Normally this time of year, Brielle Blome is racing around the area as a member of the Dodgeland High School cross country team and Madee Peplinski is on the hardwood competing for the Trojans’ girls volleyball team.
Not this fall.
This fall, the two are finding new ways to fill their time — and scratch their competitive itches — thanks to torn ACLs they suffered during the girls soccer season this past spring.
One of those ways has been to serve as team managers for the football team. And while it’s not a role they envisioned for themselves before getting hurt, they’re embracing the experience.
“There are definitely factors where I don’t think it would have been my first idea,” Peplinski, a junior, said of if she would have considered helping out with the football team had she not gotten hurt, “but now that I’m here I feel like I would have regretted not doing it if I wouldn’t have injured my knee.
“Being here and helping out, it’s kind of like a second team. I feel like I probably wouldn’t have — but I would have missed out on a lot of experiences.”
Blome, who’s a senior, agreed, though she said she probably would have helped out on the gridiron even if she hadn’t been injured during soccer.
“I think I would have,” she said, “but I wouldn’t have been as involved as I am now.”
Blome said there were a few things drawing her to being a football manager, including the fact she has many friends on the team and helping out was an excuse to spend extra time with them during their last year in high school.
But it’s not all just for fun.
“It’s a good experience to not just be on a team but to see how a team works,” she said, “so then you get the feedback of, ‘OK, I shouldn’t do that when I’m on a team because that’s bringing the team down.’
“I think it helps you grow as a person.”
Blome and Peplinski also both play basketball in the winter but likely won’t be far enough along in their rehab to play this year, at least not much if they do make it back in time. So the next time they’re in action figures to be during the spring for soccer.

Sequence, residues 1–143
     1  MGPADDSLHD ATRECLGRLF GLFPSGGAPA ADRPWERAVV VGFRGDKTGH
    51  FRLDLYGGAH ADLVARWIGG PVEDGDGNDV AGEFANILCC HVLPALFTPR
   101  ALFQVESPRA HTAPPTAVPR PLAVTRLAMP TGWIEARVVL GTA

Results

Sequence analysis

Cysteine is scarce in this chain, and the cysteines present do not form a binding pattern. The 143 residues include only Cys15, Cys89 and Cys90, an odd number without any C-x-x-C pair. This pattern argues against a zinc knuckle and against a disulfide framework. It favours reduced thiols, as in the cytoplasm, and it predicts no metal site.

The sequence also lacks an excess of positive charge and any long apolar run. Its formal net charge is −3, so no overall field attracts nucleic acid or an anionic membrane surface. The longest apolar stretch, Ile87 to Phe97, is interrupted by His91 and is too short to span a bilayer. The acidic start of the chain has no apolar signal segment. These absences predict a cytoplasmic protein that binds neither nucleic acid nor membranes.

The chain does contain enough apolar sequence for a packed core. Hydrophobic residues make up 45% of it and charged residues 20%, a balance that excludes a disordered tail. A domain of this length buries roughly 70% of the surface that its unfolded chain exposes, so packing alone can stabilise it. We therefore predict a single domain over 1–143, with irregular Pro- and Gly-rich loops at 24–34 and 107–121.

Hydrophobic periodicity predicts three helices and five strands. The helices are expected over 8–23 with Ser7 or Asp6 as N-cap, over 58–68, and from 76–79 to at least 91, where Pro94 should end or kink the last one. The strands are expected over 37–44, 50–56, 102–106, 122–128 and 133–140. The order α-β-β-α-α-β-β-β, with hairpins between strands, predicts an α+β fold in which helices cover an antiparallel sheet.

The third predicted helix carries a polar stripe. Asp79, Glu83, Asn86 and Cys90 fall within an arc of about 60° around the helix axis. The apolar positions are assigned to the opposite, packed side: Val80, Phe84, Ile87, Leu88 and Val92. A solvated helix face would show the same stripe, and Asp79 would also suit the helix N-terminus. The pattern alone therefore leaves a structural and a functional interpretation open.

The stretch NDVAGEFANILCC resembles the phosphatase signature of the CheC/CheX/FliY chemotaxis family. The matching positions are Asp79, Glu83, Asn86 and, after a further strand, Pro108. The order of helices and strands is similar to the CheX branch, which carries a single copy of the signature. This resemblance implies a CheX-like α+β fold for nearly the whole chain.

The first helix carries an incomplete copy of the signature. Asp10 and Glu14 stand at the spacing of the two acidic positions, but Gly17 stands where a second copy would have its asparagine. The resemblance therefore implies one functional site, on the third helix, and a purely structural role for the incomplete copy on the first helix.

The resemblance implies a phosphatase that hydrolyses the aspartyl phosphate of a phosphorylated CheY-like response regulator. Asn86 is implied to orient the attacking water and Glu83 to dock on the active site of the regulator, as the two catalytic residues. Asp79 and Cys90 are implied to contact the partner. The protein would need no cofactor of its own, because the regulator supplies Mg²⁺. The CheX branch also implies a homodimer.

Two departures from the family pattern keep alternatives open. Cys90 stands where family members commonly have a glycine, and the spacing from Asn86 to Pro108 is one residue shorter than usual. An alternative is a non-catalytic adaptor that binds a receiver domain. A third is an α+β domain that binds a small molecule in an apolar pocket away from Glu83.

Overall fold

They’re both happy with where their rehab is at so far, though.
“My recovery’s going very well — my knee’s recovering way faster than they thought it was going to,” said Blome, who had surgery on Aug. 9. “My timeframe is kind of dependent on if I want to play college soccer or not, because if I play college soccer (my doctor) doesn’t want me going back to sports in high school as quick. But if I decide not to play in college, there’s a chance I’ll be back for soccer, but it’s not 100%. It kind of depends on my muscle and everything in my leg.”
Added Peplinski, who had her surgery on July 19, “It’s going good. It was really a doozy. I was on crutches for a lot longer because of my meniscus. But it’s going a lot better than I hoped.”
Dodgeland football coach Paul Scheel said those two helping out this fall despite the fact they’d much rather be healthy and competing in their own sports tells a lot about the kind of people they are.
“I think it says a lot about their character as individuals,” he said. “They care about the wellbeing of other people. They’re very dedicated young ladies.”
Busy, busy, busy
Just because Peplinski and Blome are hurt doesn’t mean they aren’t also helping out their normal squads, which means that life this fall is pretty hectic.
Peplinski is helping out the girls volleyball team as an assistant coach of sorts, while Blome is doing the same for cross country.
And that means that their schedule after school fills up pretty quickly, going from one sport to the next before heading home to do homework and whatnot.
Blome’s role on the cross country team is more cheerleader than anything, just because of the nature of the sport.
“There’s not a lot to do. Today they went on distance runs so you can’t really do much, because they just go and come back,” she said. “But it’s not really about doing things, it’s about being encouraging and helping the team out.”
Peplinski, though, has a little more active role as far as the competition itself is concerned.